In this segment of an interview conducted by Studs Terkel, Eileen Barthe, a government relief case worker during the Great Depression, remembers an experience that caused a recipient of relief to face deep humiliation.
In an interview with Studs Terkel, Virginia Foster Durr, a prominent American civil rights activist, reflects on life during the Great Depression, particularly the way that people on government relief felt shame and guilt over their own suffering and poverty, rather than blaming the capitalist system.
As the Nazi regime consolidated its power, German universities were targeted and purged of any academics who refused to pledge allegiance to National Socialism. In this audio reading Austrian Economist Peter Drucker recounts the moment he realized he needed to leave his country because of the terror and intimidation that was occurring.
The Hitler Youth Movement every aspect of a German person's young life. Erika Mann, a German opposed to the Nazis, describes how even at a 12-year-old boy's birthday party, the intimidation and power of the Hitler Youth filters into the celebration.
The House debated John Trevor’s immigration plan in March and April of 1924. Excerpts from the debate reveal how strongly members felt about immigration and reveal the extent of the influence of Harry Laughlin, a leading American eugenicist.
Enver, Ottoman Minister of War, served as military attache to Berlin prior to the coup when he became one of the triumvirate to seize power in 1913. Afterward, German-Ottoman military cooperation became official policy. Several officials discuss the "liquidation" and deportation of the Armenians.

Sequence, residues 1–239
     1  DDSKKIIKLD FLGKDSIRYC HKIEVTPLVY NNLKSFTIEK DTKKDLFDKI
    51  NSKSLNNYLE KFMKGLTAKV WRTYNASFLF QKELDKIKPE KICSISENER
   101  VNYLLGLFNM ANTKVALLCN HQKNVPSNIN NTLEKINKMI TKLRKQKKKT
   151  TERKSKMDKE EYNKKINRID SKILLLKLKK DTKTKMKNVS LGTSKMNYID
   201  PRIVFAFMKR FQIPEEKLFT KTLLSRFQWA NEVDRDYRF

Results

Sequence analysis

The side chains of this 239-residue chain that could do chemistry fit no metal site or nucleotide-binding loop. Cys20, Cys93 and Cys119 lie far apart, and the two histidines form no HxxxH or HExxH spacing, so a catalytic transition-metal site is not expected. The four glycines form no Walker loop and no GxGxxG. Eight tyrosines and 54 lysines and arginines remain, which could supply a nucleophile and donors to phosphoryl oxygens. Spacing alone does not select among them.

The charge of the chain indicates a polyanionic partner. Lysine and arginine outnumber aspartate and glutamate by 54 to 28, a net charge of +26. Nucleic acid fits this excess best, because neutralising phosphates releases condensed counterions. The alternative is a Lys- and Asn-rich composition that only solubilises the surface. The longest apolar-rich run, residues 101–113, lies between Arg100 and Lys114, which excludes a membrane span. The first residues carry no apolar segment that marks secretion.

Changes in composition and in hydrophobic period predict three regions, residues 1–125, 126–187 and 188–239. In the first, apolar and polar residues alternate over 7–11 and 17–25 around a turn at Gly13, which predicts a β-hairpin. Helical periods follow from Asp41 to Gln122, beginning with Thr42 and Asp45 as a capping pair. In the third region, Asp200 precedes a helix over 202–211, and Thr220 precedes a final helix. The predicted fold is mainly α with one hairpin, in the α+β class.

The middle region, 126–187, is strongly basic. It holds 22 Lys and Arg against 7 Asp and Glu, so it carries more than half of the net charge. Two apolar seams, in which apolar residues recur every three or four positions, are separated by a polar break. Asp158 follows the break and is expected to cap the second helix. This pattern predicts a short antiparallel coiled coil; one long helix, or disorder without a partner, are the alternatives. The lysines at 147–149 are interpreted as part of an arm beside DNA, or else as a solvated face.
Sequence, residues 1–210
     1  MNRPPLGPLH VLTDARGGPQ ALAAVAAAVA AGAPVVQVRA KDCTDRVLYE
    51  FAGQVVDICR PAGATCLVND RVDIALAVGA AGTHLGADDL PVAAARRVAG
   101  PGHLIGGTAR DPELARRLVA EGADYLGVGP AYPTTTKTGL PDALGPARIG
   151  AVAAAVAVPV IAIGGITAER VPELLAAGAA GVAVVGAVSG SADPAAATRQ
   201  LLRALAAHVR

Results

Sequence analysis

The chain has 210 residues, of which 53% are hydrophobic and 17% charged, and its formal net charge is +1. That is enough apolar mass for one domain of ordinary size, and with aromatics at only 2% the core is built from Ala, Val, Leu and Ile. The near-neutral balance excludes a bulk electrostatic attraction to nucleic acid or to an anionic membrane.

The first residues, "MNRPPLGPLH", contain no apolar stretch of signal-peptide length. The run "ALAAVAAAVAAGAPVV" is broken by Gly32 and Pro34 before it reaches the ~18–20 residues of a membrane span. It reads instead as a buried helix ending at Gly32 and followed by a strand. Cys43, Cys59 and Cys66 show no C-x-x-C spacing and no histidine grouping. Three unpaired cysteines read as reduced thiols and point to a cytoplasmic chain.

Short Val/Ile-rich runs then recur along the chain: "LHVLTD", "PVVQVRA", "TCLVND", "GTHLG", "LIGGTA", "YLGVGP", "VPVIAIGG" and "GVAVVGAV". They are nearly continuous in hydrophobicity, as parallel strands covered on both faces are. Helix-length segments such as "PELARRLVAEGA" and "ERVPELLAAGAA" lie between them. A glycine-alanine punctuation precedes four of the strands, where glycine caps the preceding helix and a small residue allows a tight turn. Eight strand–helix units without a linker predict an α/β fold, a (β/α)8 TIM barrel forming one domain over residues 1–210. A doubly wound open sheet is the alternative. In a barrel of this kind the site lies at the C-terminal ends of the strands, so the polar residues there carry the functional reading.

"The Lavender Song" (Das Lila Lied) is a Cabaret song from the Weimar Republic in Germany, 1920. The music was composed by Mischa Spoliansky, and the lyrics were written by Kurt Schwabach. Music by Mischa Spoliansky, original lyrics by Kurt Schwabach (1920)
On August 21st, 1790, President George Washington wrote a letter to Moses Seixas and the Hebrew congregation of Newport, Rhode Island. Washington was responding to a letter from Seixas that expressed hope that the newly formed United States would accord respect and tolerance to all of its citizens. Washington’s response promised not only tolerance, but full liberty of conscience to all, regardless of background and religious beliefs. Use the side arrows to scroll between the two photos.
On August 17th, 1790, Moses Seixas, an official of the Hebrew congregation in Newport, Rhode Island, delivered a letter to President George Washington, asking that the country accord respect and tolerance to all of its citizens, regardless of background and religious beliefs.